Gummo

Gummo ★★★★★

Harmony Korine's "Gummo" goes well out of it's way to shock, offend and provoke a reaction, there's a handful of disturbing scenes throughout and almost every frame has something, or someone, strange to gawp at. The soundtrack, visual style and set design all combine to make this film a very unique watch, if you can get past the oddities and the animal abuse.

There's not really a plot that runs through the movie, it feels more like Korine's taking you on a tour of this town, showing you it's residents and what they get up to. There's also a lot of eerie home-video footage intercut throughout, which helps make the film feel more authentic. The character's themselves are all strange and memorable, with Sol from the poster and the Bunny Boy being the most iconic. Watch the movie at your own risk, I'd say it is slightly exploitative and it handles subjects like rape, disability, racism and pretty much anything else you can think of without much care for political correctness.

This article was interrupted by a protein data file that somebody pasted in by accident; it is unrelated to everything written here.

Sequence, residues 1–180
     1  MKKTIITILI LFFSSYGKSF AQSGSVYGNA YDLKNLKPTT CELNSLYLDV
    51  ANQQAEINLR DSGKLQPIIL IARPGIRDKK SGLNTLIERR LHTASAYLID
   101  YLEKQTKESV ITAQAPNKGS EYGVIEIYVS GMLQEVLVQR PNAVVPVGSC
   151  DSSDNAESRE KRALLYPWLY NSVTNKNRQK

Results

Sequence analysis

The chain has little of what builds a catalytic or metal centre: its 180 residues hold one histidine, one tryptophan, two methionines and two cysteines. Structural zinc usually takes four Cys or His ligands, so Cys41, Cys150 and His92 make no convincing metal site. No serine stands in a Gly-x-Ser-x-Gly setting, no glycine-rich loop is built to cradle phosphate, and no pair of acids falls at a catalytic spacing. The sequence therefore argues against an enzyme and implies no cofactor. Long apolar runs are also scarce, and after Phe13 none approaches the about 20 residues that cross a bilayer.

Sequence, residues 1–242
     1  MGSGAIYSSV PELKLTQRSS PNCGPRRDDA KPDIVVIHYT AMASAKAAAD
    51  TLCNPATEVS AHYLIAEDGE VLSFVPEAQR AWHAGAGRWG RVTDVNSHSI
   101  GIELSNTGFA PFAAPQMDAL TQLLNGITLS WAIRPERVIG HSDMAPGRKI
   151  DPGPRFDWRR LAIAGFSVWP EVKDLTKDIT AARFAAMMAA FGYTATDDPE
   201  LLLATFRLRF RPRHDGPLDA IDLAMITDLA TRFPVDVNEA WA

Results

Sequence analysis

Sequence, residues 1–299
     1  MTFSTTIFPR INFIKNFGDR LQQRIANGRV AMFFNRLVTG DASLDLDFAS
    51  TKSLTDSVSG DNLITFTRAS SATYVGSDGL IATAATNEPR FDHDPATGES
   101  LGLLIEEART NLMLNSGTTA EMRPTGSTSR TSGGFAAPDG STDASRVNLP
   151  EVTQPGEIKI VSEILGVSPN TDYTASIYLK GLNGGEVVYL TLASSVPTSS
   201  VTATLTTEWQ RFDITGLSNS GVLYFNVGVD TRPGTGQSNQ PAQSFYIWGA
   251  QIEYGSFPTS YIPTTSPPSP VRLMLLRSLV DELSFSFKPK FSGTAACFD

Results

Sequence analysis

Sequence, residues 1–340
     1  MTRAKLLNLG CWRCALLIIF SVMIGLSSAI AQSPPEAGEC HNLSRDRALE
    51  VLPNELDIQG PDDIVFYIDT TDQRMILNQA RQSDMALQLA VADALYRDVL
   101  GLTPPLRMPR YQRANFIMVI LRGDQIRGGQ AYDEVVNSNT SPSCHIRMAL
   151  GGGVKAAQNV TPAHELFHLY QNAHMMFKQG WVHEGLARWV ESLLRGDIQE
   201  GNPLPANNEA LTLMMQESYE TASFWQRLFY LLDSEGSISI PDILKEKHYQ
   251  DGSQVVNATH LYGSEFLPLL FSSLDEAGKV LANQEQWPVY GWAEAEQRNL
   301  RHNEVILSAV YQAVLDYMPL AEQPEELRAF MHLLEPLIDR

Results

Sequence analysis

The movie's always grounded in reality, but it manages to feel very surreal due to almost everything in it being out-of-the-ordinary for most people. Even it's soundtrack is one of the strangest mash-ups of music I've heard, going from the sludgy sounds of Sleep in one scene, to the upbeat tones of 1950s Buddy Holly in another. There's also a lot of satanic imagery throughout, including the opening title's font and the long, thin upside down cross, but it all fits with the soundtrack and nihilistic tone of the movie.

Korine was clearly trying to shock people with this, if not offend, but that didn't stop him from making a good movie and it works really well despite it's lack of narrative or plot. Everything that goes into the movie reflects the aimlessness and frustration's of its characters, making for a very bleak, hopeless watch. The bath scene is equal parts revolting and fascinating, especially considering this is the character’s norm, but at least it means he's not out brutalising cats.